Speakers Corner / Deutsche Gramophone DGG 2531 093 - 180 Gram Virgin Vinyl
4260019713414 - Pure Analogue Audiophile Mastering - Pressed at Pallas
Messiaen: Quatuor pour la Fin du Temps -
Luben Yordanoff (v); Albert Tetard (vc); Claude Desurmont (cl); Daniel Barenboim (p, cond)
The title alone "Quartet for the end of time" and the fact that it was composed in 1940, when war was raging, give one an inkling of the ominous background to the writing of this piece of music. Messiaen had been captured by the German army during the occupation of France and sent to a prisoner-of-war camp near Görlitz, where he was held for a long, hard year. He was permitted to have manuscript paper, and was able to compose the quartet. On 15 January he and three fellow prisoners were given the opportunity to perform the piece before an audience of about 400 prisoners.
Messiaen’s Quartet is not written in the classical four-movement form but as an eight-movement suite. Each section is a musical expression of programmatic meditation on the Creation and the Gospel according to St. John. The melodic writing is such that the listener is given a feeling of timelessness and endless space. Here, specific rhythms, which in contrast to 'classical' music have no set musical pulse, enhance the feeling that time is expanded and takes on a spiritual dimension. Messiaen thus creates a thoroughly new concept, which is in direct opposition to traditional compositional ideas of precise and regular metrics and structures, development and the genesis of forward-moving music.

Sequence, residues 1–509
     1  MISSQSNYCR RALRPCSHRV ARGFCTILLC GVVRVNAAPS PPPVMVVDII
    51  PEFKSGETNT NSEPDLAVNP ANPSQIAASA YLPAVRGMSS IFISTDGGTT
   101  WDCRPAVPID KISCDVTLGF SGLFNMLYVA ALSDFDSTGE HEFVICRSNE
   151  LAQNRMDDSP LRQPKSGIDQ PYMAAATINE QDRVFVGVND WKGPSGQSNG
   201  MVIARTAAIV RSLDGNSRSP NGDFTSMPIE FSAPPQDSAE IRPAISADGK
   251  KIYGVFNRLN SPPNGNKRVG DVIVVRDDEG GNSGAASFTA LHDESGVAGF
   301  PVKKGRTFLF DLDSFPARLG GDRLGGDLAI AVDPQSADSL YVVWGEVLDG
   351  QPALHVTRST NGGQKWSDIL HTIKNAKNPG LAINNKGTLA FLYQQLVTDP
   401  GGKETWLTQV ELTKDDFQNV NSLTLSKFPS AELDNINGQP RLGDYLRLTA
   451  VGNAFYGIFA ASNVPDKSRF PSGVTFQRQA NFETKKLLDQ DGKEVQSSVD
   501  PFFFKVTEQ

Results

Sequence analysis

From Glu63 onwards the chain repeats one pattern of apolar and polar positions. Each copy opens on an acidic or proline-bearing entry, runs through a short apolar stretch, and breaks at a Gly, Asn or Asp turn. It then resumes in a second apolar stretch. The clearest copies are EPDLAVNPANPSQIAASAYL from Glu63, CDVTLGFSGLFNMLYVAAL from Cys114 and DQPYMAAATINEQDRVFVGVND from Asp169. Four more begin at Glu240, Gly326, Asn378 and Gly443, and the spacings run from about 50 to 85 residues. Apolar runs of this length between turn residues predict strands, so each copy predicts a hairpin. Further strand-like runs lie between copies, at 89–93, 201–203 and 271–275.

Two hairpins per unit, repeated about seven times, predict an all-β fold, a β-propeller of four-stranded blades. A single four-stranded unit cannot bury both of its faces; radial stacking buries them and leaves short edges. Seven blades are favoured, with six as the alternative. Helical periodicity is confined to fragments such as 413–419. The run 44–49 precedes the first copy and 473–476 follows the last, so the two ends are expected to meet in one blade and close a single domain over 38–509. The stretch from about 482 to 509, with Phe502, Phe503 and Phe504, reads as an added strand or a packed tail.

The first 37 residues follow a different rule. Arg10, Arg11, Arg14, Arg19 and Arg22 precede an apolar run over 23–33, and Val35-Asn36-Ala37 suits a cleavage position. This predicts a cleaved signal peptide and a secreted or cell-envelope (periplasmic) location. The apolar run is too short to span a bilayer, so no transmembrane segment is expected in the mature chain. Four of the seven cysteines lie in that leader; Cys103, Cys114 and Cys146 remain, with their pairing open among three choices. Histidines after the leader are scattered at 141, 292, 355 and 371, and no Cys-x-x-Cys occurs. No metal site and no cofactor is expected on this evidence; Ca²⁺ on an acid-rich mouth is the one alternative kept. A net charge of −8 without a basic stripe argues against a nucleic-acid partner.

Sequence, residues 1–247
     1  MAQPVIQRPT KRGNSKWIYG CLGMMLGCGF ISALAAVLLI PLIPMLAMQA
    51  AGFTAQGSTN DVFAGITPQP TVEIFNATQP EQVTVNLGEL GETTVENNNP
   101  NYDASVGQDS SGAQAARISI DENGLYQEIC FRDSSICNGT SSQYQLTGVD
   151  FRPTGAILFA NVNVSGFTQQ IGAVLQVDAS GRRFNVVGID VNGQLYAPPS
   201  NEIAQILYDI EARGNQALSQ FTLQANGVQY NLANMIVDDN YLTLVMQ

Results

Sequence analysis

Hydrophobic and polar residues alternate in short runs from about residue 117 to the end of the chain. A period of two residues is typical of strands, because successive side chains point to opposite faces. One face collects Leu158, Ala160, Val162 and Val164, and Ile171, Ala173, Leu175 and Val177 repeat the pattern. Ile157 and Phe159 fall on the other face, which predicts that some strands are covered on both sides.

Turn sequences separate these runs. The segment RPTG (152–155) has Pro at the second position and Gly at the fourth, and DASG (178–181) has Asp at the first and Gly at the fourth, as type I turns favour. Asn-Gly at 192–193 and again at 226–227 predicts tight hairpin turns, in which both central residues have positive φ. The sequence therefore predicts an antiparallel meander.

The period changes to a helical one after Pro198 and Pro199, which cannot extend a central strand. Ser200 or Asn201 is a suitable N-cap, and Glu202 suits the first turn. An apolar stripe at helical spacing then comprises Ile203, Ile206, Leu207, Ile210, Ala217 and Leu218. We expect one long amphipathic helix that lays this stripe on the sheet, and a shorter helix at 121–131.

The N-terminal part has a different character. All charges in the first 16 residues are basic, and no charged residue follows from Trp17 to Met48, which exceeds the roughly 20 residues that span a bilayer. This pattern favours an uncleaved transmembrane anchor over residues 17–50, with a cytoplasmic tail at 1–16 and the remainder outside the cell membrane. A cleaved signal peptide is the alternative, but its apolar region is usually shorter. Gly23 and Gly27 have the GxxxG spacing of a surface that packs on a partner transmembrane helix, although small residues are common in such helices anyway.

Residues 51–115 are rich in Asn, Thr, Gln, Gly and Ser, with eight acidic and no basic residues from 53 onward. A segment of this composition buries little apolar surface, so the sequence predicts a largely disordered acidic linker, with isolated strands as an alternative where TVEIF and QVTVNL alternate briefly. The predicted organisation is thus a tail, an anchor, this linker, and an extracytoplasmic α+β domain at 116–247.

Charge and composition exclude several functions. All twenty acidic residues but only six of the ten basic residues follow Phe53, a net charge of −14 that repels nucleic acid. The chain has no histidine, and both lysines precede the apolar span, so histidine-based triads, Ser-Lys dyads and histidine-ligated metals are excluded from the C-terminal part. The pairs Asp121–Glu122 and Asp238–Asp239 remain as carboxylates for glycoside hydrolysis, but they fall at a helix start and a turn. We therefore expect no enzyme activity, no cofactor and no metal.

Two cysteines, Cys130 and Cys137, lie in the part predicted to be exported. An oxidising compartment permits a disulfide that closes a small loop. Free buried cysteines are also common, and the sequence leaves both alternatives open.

There is certainly no more convincing performance of this exceptional composition, which was recorded in the presence of the composer and authorised by him.
Olivier Messiaen’s Quatuor pour la Fin du Temps may be the most celebrated chamber work of the 20th century. Written when Messiaen was a prisoner of war in Görlitz, and performed by the composer with three other POWs before a shivering audience of internees and guards in January of 1941, the Quatuor is not, as one might assume, primarily concerned with the Apocalypse. Rather, the “time” of the title is musical time: Messiaen was moving away from the metrical, more-or-less regular pulse that had characterized Western music for hundreds of years.
The piece has not hurt for good recorded performances. This late-1970s iteration, featuring Daniel Barenboim on piano and three less familiar players covering the string and clarinet parts, is idiomatic and technically unassailable. Other versions—TASHI’s is my favorite—are more dramatically vivid (more “ecstatic,” to use a term that appears in three of the work’s eight movement titles). Nonetheless, the long-limbed cello melody of the fifth movement is beautifully shaped and the sixth movement, entirely in unison, is a model of ensemble precision.
April 1978 im Masion de la Mutualité, Paris, von Klaus Scheibe
Produktion: Günther Breest
Luben Yordanoff, Albert Tétard, Claude Desumont, and Daniel Barenboim perform Messiaen's Quartet for the End of Time.
"DG's recording, and Speakers Corner's vinyl reissue, are quite realistic, with each of the four instruments properly scaled and consistently localized in space. Loud piano detonations hold together well." - Andrew Quint, The Absolute Sound.
Luben Yordanoff, violin
Albert Tétard, cello
Claude Desurmont, clarinet
Daniel Barenboim, piano
Olivier Messiaen (1908-1992)
Quartet for the End of Time
1. Liturgy of crystal
2. Vocalise, for the Angel who announces the end of time
3. Abyss of birds
5. Praise to the eternity of Jesus
6. Dance of fury, for the seven trumpets
7. Mingling of rainbows, for the Angel who announces the end of time
8. Praise to the immortality of Jesus